• Low back pain.

 

Hormonal Influence

During pregnancy the effects of the hormone relaxin soften the ligaments throughout the body, causing the joints to become increasingly mobile. One of the most dramatic of these changes is the widening and increased mobility of the sacroiliac joints and the symphysis pubis, which begins during the 10th-12th week of pregnancy. Concentrations of relaxin are elevated during the first trimester and then decline early in the second trimester to a level that remains stable throughout the rest of the pregnancy until labour. The pelvic ligaments are bands of tough fibrous tissue that interweave and run in all directions across the sacroiliac and symphysis pubis joints, and with the help of the pelvic muscles they bind the whole pelvis into a single unit. The symphysis pubis joint can separate as much as 9mm in a normal pelvis without problems arising. Problems occur where there is a misaligned pelvis before pregnancy begins. The effect is that the pregnancy hormones potentially create a more vulnerable pelvic base that then struggles to tolerate the added weight-bearing of the advancing pregnancy, manifesting symptoms in one or more of the pelvic joints articulating structures. An unbalanced or rigid pelvis can potentially cause difficulties giving birth and PGP/SPD to develop after the birth.
 

The pelvis is the main bony weight bearing part of your body and provides the outlet through which your baby is born.

If you are suffering with Pelvic girdle pain it is important that you become aware of and understand how your pelvis is structured and the way that it functions during childbirth so that you can participate in maintaining control of your body throughout the 9 months of pregnancy.

 

Risk factors

  • The hormone relaxin softens the connecting tissue around the joints, making them more flexible in preparation for the birth. This can, however, also complicate the musculoskeletal structures adapting correctly due to an underlying condition that may be causing the maternal body to become unstable and susceptible to stress, strain, or injury.
  • Previous pelvic / lower extremity trauma / poor postural development / scoliosis.
  • Lax ligaments / weak abdominal muscle tone.
  • Previous history of lower back / pelvic / hip pain.
  • Increased maternal age.
  • Increased number of pregnancies.
  • Strenuous work associated with twisting and bending.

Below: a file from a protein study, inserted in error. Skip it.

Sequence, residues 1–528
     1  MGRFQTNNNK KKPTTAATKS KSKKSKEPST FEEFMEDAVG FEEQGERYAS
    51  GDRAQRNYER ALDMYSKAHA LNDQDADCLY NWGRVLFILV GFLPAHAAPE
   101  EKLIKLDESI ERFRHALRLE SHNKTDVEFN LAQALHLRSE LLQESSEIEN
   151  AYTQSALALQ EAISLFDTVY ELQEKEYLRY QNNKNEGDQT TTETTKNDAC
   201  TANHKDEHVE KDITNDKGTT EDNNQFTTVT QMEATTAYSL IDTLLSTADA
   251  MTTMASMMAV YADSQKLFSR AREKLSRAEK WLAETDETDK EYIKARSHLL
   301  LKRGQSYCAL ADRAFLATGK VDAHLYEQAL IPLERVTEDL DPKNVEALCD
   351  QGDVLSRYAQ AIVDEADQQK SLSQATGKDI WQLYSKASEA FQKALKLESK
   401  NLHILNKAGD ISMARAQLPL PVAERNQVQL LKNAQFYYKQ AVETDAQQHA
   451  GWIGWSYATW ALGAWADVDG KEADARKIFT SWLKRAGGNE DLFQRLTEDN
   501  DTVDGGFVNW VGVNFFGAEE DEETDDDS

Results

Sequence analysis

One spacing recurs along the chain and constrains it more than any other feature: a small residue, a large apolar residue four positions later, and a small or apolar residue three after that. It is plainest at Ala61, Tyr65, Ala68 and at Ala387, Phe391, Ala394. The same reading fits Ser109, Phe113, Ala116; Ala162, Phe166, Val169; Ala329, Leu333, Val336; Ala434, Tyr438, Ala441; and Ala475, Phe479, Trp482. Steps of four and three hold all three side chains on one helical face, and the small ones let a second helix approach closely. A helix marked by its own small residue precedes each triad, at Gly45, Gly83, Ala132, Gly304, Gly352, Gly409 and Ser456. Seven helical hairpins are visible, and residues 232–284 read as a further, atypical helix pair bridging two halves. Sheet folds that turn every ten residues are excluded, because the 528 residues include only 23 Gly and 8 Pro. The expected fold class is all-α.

• Hypermobility conditions e.g. Ehlers-Danlos syndrome
  • Vaginal infection.
  • Endometriosis.
  • Ovarian cysts
  • History of pelvic inflammatory disease.
  • Painful varicosities in the legs, vulva or haemorrhoids.
  • Rheumatoid arthritis.
  • Osteoarthritis of the hip.

Why is the pelvic position so important in pregnancy?

Pregnancy is a time of incredible change within a woman’s body. The pelvic girdle position and condition alone can determine how the posture, spinal curves and centre of gravity alter to accommodate the growing foetus and the extra 20 lb plus of weight. The pelvis plays a key role in maintaining the balance and transfer of weight and movement throughout the body.

Pelvic girdle pain is not a “normal” part of pregnancy if the body is aligned, and most importantly the pelvis has the ability to adapt comfortably to the extra stresses and postural strains of pregnancy. However more than half of all pregnant woman report some kind of musculoskeletal pain.

Pain experienced in or around the pelvis is a sign that the pelvic mechanism is having difficulty adjusting to the new positional and functional demands of the pregnancy.

Diagnosis

Primarily the diagnosis must ascertain and ensure that it is safe to treat with osteopathy. An accurate osteopathic diagnosis of PGP is formulated from a comprehensive case history, a thorough static and dynamic examination of the spinal column, pelvis, posture and gait. Information gathered from this process determines the causative, contributing and maintaining factors that are testing the structural and functional integrity of the pelvic girdle.

Pain experienced within the pelvic girdle can also be caused by numerous conditions, some of which are not musculoskeletal and may not be suitable for osteopathic treatment. In these cases you will be referred to your GP for further tests.

Treatment

The treatment is based on classical osteopathic principles and body mechanics, whereby the osteopathic aim is to integrate and realign the structure and function of the pelvis, the spinal column and all musculoskeletal affected areas. Classical osteopathic treatment is a combination of soft tissue, articulatory and adjustive techniques designed to address the pelvic girdle symptoms by gently coaxing and adjusting the body’s framework enabling the maternal pelvis to stand up to the increasing gravitational stress of the pregnancy. There is also important postural advice and rehabilitation of movement patterns / habits that are exacerbating the problem, i.e. standing / walking / sitting / bending / turning.